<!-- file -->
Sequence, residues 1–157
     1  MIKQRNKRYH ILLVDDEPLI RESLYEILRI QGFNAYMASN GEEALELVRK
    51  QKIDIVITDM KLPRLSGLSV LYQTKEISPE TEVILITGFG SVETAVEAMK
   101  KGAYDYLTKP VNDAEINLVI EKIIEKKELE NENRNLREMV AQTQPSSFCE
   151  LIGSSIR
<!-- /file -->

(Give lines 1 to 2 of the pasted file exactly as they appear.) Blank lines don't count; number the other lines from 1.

Sequence, residues 1–157
     1  MIKQRNKRYH ILLVDDEPLI RESLYEILRI QGFNAYMASN GEEALELVRK